The parking or emergency brake has to perform two distinct jobs. First, it must be able to hold the vehicle on an incline. Second, it must be able to stop a vehicle under a specific distance if the hydraulic brakes have failed. These standards are set by the Department of Transportation (DOT), and the kicker is these standards must be met with the force applied by a little old lady. But, over time, the cables can stretch and the friction materials change their length and thickness, which is why adjustments to the system are required.
Caliper replacement may be necessary in high-mileage vehicles because of fluid leaks or because the calipers are sticking.
With these vehicles, the major aggravation for shops is brake noise and uneven brake pad wear.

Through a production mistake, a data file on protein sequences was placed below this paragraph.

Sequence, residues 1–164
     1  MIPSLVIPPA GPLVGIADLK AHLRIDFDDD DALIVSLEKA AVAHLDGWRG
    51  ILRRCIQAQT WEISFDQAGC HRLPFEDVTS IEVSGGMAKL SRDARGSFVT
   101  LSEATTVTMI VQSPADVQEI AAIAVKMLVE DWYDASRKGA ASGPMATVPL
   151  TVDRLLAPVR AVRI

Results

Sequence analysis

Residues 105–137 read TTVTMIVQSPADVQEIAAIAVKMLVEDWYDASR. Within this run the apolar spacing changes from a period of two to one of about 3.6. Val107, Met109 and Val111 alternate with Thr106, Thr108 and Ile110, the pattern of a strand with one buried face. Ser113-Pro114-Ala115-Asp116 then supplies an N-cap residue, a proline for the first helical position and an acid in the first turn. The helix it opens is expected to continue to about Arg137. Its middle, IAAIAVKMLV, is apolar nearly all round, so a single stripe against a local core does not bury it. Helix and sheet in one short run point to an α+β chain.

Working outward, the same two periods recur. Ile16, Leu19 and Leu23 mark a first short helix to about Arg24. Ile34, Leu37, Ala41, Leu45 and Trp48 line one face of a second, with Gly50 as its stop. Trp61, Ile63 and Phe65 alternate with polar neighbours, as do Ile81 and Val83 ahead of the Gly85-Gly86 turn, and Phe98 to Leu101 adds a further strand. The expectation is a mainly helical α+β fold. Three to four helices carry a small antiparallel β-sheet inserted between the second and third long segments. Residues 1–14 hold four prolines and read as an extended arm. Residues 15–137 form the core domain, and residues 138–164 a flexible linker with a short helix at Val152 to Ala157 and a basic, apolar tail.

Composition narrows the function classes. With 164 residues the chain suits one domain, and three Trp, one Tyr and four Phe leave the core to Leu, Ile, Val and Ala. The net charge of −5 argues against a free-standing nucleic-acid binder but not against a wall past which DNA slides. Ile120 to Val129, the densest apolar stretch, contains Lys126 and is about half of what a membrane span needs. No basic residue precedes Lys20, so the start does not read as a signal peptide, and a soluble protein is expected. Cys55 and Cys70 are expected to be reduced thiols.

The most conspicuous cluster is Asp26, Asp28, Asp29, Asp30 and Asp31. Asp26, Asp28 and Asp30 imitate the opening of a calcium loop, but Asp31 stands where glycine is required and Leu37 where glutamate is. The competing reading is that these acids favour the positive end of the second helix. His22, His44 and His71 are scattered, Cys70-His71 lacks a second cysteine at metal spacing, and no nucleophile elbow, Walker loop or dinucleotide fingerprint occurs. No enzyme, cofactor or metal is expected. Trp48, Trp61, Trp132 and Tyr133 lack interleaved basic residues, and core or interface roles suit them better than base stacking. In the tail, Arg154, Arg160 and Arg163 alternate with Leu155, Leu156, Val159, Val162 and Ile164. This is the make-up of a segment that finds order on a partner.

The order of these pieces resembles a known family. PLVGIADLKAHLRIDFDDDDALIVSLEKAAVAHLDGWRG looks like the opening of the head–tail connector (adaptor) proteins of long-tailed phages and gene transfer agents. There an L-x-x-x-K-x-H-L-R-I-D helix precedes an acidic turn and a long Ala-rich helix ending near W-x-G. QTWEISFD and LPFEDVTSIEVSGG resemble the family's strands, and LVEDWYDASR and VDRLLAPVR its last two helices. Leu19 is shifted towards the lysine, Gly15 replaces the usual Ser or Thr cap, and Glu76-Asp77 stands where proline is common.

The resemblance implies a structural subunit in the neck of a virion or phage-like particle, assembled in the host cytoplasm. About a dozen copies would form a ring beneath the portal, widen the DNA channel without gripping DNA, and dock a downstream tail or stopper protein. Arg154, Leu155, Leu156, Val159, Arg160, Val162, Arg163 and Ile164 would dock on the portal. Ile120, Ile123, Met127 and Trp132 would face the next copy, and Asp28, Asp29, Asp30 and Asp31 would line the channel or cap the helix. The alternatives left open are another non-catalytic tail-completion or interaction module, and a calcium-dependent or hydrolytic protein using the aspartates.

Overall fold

When you think about the braking system of a vehicle, you probably think about the major parts you see when removing the wheel: brake pads, rotors, calipers and maybe hydraulics. However, one of the most important parts of the system isn’t visible: brake fluid. Brake fluid comes in several formulations for different applications and plays
Worn brake pads can tell you a lot about the entire brake system and keep new components from suffering the same fate.
Passive types of wheel speed sensors are still used in many applications so understanding their operation is important.